McCarthy applied these established principles to a different surveillance-technology: ALPRs. Since 2015, the Massachusetts State Police has operated four ALPRs on the Sagamore and Bourne Bridges. Their cameras automatically feed images into a database maintained by the Executive Office of Public Safety and Security (EOPSS). As part of a narcotics investigation, the Barnstable Police Department searched for the appearance of McCarthy’s license plate in historical and real-time ALPR data from these four cameras without obtaining a warrant. In his motion to suppress, McCarthy argued that this warrantless access violated his constitutionally protected reasonable expectations of privacy, while the District Attorney suggested that art. 14 and the Fourth Amendment did not apply to these images because McCarthy knowingly exposed them to the public. Denying the motion, Superior Court Judge Robert Rufo opined, “[p]erhaps the defendants’ argument would be stronger if the ALPR Hot List was set to issue an Alert every time McCarthy’s vehicle passed any of the ALPR cameras installed at a multitude of locations statewide,” before noting that, “such a scenario is not in keeping with the facts before this court[.]”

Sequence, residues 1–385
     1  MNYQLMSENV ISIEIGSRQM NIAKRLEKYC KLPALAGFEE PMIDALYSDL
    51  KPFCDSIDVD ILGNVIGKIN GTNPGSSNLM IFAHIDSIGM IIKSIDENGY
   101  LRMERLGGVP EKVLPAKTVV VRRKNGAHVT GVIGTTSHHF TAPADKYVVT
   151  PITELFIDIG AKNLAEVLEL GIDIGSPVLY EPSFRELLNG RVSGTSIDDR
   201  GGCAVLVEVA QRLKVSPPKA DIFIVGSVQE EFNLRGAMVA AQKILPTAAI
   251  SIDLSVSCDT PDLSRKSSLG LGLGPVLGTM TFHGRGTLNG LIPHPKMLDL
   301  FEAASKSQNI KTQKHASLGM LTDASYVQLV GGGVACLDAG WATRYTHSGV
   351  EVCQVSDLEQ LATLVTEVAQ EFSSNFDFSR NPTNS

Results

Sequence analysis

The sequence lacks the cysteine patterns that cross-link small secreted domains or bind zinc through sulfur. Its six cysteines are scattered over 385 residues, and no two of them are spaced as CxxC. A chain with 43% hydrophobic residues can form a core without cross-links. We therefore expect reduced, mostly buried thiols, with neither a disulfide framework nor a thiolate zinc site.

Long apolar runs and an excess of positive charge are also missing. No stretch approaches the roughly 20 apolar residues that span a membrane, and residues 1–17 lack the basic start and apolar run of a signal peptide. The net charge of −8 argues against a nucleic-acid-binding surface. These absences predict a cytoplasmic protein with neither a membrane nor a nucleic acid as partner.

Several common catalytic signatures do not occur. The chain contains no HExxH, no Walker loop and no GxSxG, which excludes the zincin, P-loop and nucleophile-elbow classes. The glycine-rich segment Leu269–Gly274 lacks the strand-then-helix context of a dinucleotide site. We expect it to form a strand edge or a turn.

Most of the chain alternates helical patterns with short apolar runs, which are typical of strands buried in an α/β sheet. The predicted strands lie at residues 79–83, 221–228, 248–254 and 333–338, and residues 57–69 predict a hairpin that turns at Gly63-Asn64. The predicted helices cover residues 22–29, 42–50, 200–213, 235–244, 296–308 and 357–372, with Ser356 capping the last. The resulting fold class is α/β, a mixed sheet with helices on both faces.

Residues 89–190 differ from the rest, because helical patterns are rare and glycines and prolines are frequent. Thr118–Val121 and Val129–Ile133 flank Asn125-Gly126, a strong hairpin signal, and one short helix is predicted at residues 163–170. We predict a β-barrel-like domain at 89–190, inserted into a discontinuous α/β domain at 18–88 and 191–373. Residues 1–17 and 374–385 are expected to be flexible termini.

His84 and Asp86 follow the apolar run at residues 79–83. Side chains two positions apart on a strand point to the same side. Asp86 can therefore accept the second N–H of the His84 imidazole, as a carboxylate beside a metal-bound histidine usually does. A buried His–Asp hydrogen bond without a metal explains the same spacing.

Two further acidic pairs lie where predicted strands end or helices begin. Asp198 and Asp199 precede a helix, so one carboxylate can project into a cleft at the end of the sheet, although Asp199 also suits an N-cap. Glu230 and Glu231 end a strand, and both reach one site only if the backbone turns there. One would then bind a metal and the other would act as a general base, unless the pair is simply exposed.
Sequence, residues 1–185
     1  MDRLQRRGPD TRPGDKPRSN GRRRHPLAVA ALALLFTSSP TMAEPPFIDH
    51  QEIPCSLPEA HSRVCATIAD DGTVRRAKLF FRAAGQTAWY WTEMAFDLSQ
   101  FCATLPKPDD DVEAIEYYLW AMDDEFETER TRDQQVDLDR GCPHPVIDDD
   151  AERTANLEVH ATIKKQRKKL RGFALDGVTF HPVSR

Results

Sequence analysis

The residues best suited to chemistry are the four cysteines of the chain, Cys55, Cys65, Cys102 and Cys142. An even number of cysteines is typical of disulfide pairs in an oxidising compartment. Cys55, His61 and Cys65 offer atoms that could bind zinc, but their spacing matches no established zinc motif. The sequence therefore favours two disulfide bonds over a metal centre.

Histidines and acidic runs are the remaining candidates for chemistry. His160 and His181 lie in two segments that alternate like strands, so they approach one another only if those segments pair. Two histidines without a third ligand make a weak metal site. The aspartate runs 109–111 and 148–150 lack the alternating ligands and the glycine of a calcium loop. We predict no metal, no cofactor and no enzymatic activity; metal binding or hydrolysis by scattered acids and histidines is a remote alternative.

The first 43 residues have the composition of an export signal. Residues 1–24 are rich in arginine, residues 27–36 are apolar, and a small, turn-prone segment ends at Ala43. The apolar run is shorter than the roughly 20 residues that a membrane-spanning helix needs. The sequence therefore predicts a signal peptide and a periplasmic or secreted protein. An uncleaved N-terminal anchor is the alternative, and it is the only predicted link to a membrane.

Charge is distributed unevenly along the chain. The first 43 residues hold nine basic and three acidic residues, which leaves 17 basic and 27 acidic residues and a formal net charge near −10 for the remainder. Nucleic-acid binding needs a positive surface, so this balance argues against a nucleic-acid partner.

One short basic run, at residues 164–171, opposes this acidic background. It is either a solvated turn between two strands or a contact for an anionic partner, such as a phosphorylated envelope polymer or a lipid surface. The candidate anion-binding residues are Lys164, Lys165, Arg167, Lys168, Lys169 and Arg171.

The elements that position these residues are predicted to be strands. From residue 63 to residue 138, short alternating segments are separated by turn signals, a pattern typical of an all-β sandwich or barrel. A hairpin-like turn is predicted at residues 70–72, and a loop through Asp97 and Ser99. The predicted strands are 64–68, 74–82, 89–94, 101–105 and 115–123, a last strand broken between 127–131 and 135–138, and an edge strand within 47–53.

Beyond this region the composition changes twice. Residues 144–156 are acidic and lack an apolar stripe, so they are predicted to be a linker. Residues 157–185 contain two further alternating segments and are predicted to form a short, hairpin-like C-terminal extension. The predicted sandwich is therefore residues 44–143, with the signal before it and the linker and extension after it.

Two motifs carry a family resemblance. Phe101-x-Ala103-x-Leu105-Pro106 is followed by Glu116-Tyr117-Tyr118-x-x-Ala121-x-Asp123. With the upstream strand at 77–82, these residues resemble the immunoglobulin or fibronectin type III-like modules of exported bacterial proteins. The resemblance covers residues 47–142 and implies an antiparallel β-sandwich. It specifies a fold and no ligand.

The SJC took Judge Rufo’s reasoning one-step further. It affirmed that accessing ALPR data from “four cameras placed at two fixed locations on the ends of the Bourne and Sagamore bridges” did not trigger constitutional protections. But the Court went on to emphasize “[w]ith enough cameras in enough locations, the historic location data from an ALPR system in Massachusetts would invade a reasonable expectation of privacy and would constitute a search for constitutional purposes.” While the SJC did not demarcate the specific threshold that would require a warrant, it did provide some helpful guidance.
First, applying case law developed through cases involving GPS and CSLI, the SJC made clear that its precedents were anchored not in the particular type of technology used to conduct surveillance, but in the type of information collected via that technology. To that end, the SJC confirmed that technology which allows the police to “travel back in time,” obtain “real-time location data,” or conduct surveillance for a period of time that “drastically exceeds what would have been possible with traditional law enforcement methods,” will trigger constitutional protections.